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Reprinted with permission from Dialysis & Transplantation, Vol. 24, No. 11, 1995.

Deborah J. Brouwer, RN, CNN

Cannulation Camp:
Basic Needle
Cannulation Training
for Dialysis Staff
This article reviews the basic skills needed by all dialysis staff to correctly cannulate an AV
fistula or PTFE graft. Ways to identify the two types of accesses and to determine the
direction of bloodflow are described. Access site determination and preparation, needle
placement and direction, and various cannulation techniques are explained and supported by
illustrations. Complications are examined, as are possible treatments and ways to prevent
recurrences.

H
ow did you learn to cannulate a The flow direction of either a fistula or
dialysis access? Most practicing graft must be correctly identified in order to
nephrology nurses and techni- ensure proper needle cannulation. Most
cians - myself included - had on-the-job fistulas flow from the distal end of the limb
training. We observed our preceptor toward the venous return. The direction of
cannulate different patients who had either flow of a particular fistula can be easily
grafts or fistulas, and then were handed identified by locating the arterial
the needles for our first cannulation anastomosis engorgement prior to
attempt. placement of a tourniquet. Another method
Very little nursing research and/or is to listen for the bruit and feel for the
literature is available for a preceptor to use thrill, which should be noticeably stronger
when teaching the art of needle at the arterial end of the fistula.
cannulation. The purpose of this article is
to provide current nephrology staff with a
basic knowledge of needle cannulation,
information which may then be passed on
to new staff entering the nephrology field.

Step I: Identify the Type


of Access and Direction
of Bloodflow
The preferred dialysis access is the
arteriovenous (AV) fistula. This is due to its
high patency rate and the strong ability of
The illustrations for this the puncture sites to heal. However, due to
article were provided by vascular limitations, only about 30% of all
W.L. Gore & Associates, Inc. dialysis patients have working AV fistulas.1
The majority of the The most common AV fistula is one
illustrations were adapted
with permission from the
connecting the radial artery to the cephalic
Gore publication, Vascular vein, created at the patient's wrist. A fistula
Access for Hemodialysis-IV. can also be created in the upper arm,
connecting the brachial artery with the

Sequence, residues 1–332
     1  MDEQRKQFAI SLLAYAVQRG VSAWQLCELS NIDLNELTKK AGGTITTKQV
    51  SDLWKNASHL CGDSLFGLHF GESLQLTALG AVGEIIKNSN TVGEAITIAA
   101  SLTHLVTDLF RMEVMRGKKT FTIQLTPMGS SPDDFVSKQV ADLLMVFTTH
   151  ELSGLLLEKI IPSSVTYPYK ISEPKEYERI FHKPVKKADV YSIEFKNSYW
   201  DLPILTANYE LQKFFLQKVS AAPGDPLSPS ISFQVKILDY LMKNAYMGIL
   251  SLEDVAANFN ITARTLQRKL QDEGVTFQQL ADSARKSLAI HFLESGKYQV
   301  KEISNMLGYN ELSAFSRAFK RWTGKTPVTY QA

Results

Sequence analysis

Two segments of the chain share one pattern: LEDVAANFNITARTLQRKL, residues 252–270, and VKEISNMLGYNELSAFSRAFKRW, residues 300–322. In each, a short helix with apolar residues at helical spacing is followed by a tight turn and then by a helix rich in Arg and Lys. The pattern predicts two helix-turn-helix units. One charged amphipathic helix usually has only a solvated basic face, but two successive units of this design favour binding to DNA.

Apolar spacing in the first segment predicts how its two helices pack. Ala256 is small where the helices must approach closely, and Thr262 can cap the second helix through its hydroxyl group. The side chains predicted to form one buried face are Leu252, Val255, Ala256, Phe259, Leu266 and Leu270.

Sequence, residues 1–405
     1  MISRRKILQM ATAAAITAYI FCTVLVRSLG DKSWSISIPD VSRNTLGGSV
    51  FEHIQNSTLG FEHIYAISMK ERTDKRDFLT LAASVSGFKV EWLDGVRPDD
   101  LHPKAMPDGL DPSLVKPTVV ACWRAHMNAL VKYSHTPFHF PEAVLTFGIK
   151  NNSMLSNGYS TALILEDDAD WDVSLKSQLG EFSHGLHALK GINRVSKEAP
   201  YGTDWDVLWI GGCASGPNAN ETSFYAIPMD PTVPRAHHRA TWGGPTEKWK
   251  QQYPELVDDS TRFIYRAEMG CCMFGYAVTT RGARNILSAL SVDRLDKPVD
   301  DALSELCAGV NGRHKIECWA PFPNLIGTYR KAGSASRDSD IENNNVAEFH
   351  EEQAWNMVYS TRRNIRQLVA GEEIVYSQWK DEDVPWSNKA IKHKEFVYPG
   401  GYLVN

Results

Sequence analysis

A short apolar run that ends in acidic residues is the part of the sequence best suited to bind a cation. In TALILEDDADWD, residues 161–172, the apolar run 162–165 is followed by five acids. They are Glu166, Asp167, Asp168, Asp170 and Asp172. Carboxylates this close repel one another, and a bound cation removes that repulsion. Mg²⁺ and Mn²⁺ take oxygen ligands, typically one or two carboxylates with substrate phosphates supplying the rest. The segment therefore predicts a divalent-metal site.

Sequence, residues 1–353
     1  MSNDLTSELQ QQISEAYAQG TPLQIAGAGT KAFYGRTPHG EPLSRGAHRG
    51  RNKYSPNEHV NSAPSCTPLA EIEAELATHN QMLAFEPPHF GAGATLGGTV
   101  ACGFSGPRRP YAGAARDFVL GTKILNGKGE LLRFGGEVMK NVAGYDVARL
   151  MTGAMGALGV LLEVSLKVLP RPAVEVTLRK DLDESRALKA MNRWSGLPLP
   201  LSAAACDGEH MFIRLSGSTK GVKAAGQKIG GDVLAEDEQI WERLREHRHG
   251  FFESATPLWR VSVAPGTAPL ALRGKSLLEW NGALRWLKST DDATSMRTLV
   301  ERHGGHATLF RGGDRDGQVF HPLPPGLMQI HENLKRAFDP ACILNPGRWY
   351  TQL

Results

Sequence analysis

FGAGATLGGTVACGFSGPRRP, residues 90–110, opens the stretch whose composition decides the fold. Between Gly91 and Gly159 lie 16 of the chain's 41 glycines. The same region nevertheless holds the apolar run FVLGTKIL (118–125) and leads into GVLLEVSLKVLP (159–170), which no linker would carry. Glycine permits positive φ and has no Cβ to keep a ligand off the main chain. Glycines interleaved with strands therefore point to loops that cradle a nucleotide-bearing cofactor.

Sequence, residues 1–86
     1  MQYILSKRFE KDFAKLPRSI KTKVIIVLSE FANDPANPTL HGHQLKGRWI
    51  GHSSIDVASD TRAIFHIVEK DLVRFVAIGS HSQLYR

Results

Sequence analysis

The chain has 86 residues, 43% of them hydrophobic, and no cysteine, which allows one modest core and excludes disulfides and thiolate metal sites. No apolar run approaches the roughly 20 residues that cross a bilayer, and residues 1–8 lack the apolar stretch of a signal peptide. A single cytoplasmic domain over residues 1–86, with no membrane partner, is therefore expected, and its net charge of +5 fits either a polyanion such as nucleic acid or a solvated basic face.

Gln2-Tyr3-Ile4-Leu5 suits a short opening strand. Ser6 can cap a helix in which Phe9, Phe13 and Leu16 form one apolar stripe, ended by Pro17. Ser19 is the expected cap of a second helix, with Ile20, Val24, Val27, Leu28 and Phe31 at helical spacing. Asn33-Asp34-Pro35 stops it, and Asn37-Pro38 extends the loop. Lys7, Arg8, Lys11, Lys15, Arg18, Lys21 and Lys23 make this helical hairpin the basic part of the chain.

axillary vein or another upper arm vein, all
Deborah Brouwer is of which lead to the subclavian vein. A leg
with Dialysis Clinic, Inc., fistula can also be created in patients with
Pittsburgh, Pennsylvania limited access options. Figure 1. Regular or “blue thumb” graft.
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Cannulation Camp
Unfortunately, the flow direction stronger bruit and thrill can be
within an implanted polytetrafluo- considered to be the arterial limb.
roethylene (PTFE) graft cannot be Next, the graft can be
so easily identified. This is because cannulated with two needles and
a graft can be placed in any the blood flashback observed.
location where an artery and vein When the mid-graft area is
can be connected. The traditional compressed, the arterial needle
graft sites - i.e., the lower arm (loop flashback should remain visible,
graft) and upper arm (straight graft) while the venous needle flashback
- have now been supplemented by should greatly diminish or
straight or loop grafts in the leg, disappear.
groin, abdomen, chest, or neck. As If a graft is to be used prior to
such, the direction of the bloodflow the clearance of all residual
may not be apparent by visual operative edema, it may be difficult
inspection alone. to palpate the graft or to compress
Cooperation with the vascular the mid-graft segment in order to
surgeon in obtaining a drawing or show a difference in blood
Figure 3. Direction of bloodflow
description of the bloodflow flashback within the arterial and determines needle placement.
direction is the best way to ensure venous needles. In this case,
proper use of the access. In the noting the venous pressure and with the flow direction. In this
absence of such records, several pre-pump arterial pressure may regard, grafts can be described as
techniques can be used to assist in determining the bloodflow being either a regular or "blue
determine bloodflow direction. As direction. To accomplish this, the thumb" graft, or a reverse or "red
previously mentioned, the most needles are connected to the thumb" graft. A "blue thumb" graft
commonly used technique is to dialysis circuit, a 200 ml/min blood- is when the arterial inflow is on the
listen to the bruit and feel for the flow is achieved, and the mid-graft limb of the graft medial to the
thrill at both ends of the graft; the region is lightly compressed. If the midline of the body or heart (see
end with the stronger bruit and thrill needles have been correctly Figure 1). A reverse or "red thumb"
is assumed to be the arterial limb. connected arterial-to-arterial and graft is one in which the arterial
To confirm this assumption, the venous-to-venous, the venous inflow is on the limb of the graft
mid-graft area can be lightly pressure will fall due to the distal to the body midline or heart2
compressed to impede the decrease in bloodflow to the (see Figure 2). Of all dialysis loop
bloodflow; again, the end with the venous limb when the mid-graft grafts, approximately 80% are
region is compressed. If the arterial regular, with the remaining 20%
bloodline has been incorrectly being reverse.3 The red or blue
connected to the needle in the thumb concept can be easily taught
venous limb of the graft and the to patients so that they may
venous bloodline to the needle in understand the bloodflow direction
the arterial limb, the pre-pump within their own access.